Remembering Taipei

Location | New York City

About 4-5 years ago, I spent 2 summers in Taiwan. In 2004, I lived on a mountain near the Qizhang (七張) MRT stop (Mass Rapid Transit) station on the main green line going through Taipei. Everyday I would go outside and wait for a van that would take me down winding roads down near the subway station so I could go to class. Oh right, I forgot to mention that I had gone to Taiwan to spend 4 months studying Mandarin Chinese. I hate to admit it, but I really did not learn much… and I totally regret it.

In 2005, I got an internship with the Taiwan Tech Trek program. They sent me to work for 5 weeks at the National Palace Museum in Taipei. During the program I lived in Danshui, near the northwest coast of Taiwan. If you know the geography of Taipei, I essentially lived on opposite ends of the city.

Taipei is such a mishmash of things. In 2005 I wrote an “award-winning” essay [note: when I saw “award-winning” it means I won an award for it, but it’s nothing special, it was for my internship program] about the contrasts between old and new Taipei. You could find a beautiful modern bridge, but underneath the bridge you’d find a fisherman in an old rickety boat. These contrasts can be found all over Taipei (and the rest of Taiwan for that matter).

Taipei is a tricky city to describe because it’s so different depending on what parts of the city you visit. For instance, if you’re visiting Danshui (where I once lived), you’ll get a tourist’s paradise. Cute little shops selling trinkets, Taiwan foods, restaurant stalls, and a smelly fisherman’s wharf. In Shilin, you get the largest night market in the city, where you have vendors (illegally) selling items in the street, store after store with goods, and food everywhere. For first time visitors to Taipei, it’s good to note that Shilin Night Market isn’t actually located at the Shilin Station, it’s located at the Chientan Station.

We made friends with this guy, he's awesome!

We made friends with this guy, he's awesome!

Or if you go to the Taipei 101 area, you get a posh shopping area where it’s very clean and tidy. Or Hsimending, which is equivalent to Shibuya in Tokyo, an area crowded with young people and a lot of fun things to do. If you go to the Gongguan or Guting areas, you’re in the college districts, where National Taiwan University (aka Tai-Da) and the National Taiwan Normal University¹ (aka Shi-Da) reside.

In 2005, I was working at the National Palace Museum in the Shilin district of Taipei. To get there, you’d want to get off at Shilin station and then walk out the entrance to the end of the street under the subway overpass. There are several buses that will take you to the museum. The Museum completed remodeling in 2006 (boo, a year after I worked there).

Entrance to the National Palace Museum

Entrance to the National Palace Museum

Fact: The exhibits at the museum change 4 times a year, but the museum houses so much stuff in storage that even if you went back 4 times annually, it’d still take you 11 years to see everything they had in the museum.

If you really wanted to know, behind the building there’s a giant vault that leads into the mountain the museum is built on. The doors are about 20-30 feet high and the security there rivals that of the CIA. Very few people have access to the inside of the vault and visitors can’t see the vault door. In reality, you need a special key card to even get back there (heh, which I managed to get my hands on one). Not that anyone probably really cares, but if you look at the picture below, I marked where the vault entrance is… oh wait, that might be a matter of national security… but then again, it’s probably impossible to even get into a vault. Even if someone was crazy enough to attempt it, they’d probably find a way to get the schematics let alone look at a Google Maps image of an red x. :)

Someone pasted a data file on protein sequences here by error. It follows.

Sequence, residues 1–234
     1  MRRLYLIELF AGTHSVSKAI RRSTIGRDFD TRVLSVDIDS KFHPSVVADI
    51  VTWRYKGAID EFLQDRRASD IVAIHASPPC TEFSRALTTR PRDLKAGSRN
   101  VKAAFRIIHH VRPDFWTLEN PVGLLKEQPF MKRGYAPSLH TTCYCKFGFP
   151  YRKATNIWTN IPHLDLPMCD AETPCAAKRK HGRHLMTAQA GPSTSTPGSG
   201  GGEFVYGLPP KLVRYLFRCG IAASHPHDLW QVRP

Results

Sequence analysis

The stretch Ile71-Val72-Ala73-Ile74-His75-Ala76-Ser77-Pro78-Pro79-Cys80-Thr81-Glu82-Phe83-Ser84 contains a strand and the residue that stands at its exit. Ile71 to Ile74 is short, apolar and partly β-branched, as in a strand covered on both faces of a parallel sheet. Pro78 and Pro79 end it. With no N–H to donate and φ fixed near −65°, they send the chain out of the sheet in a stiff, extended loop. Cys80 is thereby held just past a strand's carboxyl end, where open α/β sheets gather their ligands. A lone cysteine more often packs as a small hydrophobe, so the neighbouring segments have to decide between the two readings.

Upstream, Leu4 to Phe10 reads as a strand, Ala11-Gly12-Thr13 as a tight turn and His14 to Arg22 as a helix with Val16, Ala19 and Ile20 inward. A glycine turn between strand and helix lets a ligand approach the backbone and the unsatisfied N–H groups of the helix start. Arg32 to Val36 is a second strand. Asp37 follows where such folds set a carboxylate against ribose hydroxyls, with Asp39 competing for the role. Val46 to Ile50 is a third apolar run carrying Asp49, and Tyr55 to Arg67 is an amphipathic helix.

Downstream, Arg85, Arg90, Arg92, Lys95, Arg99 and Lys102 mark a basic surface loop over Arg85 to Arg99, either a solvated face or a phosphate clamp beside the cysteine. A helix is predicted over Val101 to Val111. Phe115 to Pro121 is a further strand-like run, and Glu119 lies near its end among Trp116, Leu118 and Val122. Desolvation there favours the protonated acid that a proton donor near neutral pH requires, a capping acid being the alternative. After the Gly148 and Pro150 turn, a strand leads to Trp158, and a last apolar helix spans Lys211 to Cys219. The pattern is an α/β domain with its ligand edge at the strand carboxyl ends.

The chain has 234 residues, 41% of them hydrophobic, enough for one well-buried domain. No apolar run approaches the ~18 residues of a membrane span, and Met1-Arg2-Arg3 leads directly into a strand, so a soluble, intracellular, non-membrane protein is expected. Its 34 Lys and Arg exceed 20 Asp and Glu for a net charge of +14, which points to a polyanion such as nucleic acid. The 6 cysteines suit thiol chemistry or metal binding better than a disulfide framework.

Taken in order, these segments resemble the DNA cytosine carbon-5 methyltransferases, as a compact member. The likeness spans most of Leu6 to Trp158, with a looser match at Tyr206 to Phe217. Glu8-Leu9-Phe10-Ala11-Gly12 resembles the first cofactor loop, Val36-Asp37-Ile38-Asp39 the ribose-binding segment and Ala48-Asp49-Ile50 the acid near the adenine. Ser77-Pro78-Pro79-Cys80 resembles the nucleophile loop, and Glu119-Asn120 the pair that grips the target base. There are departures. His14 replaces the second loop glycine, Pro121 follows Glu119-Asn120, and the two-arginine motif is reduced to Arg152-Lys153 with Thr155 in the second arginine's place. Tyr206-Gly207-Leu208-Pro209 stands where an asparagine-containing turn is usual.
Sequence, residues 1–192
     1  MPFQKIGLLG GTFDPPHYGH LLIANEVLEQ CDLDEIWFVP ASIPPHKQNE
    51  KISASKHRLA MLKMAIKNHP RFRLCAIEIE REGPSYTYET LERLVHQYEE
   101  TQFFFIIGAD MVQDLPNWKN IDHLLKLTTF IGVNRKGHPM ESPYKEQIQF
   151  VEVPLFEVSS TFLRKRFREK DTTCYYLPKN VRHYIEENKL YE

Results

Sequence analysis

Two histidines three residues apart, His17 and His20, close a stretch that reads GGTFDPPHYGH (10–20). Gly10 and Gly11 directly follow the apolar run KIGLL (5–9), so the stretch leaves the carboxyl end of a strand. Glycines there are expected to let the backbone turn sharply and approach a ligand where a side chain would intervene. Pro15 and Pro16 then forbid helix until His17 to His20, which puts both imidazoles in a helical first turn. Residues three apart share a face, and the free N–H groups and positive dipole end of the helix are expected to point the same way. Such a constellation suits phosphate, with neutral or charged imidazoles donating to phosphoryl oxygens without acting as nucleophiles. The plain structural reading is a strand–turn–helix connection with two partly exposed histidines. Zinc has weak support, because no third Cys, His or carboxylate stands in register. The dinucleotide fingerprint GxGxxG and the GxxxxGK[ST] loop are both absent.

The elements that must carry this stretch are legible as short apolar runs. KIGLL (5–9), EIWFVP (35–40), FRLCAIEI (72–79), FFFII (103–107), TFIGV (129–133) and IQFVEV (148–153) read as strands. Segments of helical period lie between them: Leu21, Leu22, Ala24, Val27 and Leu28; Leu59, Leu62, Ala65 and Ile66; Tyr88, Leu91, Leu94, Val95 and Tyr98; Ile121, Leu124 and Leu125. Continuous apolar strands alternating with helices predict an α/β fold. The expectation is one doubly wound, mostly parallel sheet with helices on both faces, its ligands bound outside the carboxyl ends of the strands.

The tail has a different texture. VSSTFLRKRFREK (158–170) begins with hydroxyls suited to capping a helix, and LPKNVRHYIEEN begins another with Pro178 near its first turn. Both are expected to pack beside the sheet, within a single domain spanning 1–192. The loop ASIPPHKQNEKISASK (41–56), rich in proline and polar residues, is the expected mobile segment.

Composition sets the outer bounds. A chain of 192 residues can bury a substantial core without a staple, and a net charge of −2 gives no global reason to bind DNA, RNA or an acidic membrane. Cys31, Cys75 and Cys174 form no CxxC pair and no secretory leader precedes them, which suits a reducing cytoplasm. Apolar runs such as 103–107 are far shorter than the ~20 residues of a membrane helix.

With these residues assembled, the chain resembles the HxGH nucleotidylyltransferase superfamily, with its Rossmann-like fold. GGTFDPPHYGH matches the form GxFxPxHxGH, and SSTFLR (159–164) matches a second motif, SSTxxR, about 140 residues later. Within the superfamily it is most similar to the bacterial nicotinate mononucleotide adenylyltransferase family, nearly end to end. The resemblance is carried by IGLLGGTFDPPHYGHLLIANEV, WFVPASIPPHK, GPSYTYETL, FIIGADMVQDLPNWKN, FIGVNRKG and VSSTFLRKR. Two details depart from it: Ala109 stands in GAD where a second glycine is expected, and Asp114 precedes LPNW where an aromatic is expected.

Red X marks the spot!

Red X marks the spot!

What other interesting things can I tell you? Oh, the man made famous by the image “Tank Man” aka the “Unknown Rebel” who faced off against a line of tanks during the 1989 Tiananmen Square Protests has been rumoured to be working at the National Palace Museum as an advisor to ceramics. Funny thing is, if so, I probably met the guy, but no one would know his history as he has used a pen name in the past and hidden his identity.

The best thing about Taipei is the night markets. Although the MRT stop running at midnight, night life extends far beyond those hours. Night markets stay open until the early hours of morning, KTV (karaoke) places are open 24/7 and you’ll always find food no matter what time you feel hungry.

Taiwan has the largest collection of 7-11 convenience stores versus any other place in the world.  You’ll often find at least a 7-11 and maybe a Family Mart on every corner in Taipei. The best things to buy inside? Tea eggs, snacks and anything from their large assortment of juices.

There are other great things to do in Taipei, but I’ll wait until I get there to document correctly and show you.


¹The word normal in the university’s name derives from a usage now archaic for most English speakers. A “normal” college trains teachers. In the first decades of the twentieth century the term was still commonly used in reference to teacher training institutions. The word recognizes the leading role such institutions play in establishing educational standards—norms—for their societies. (from

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10 2009

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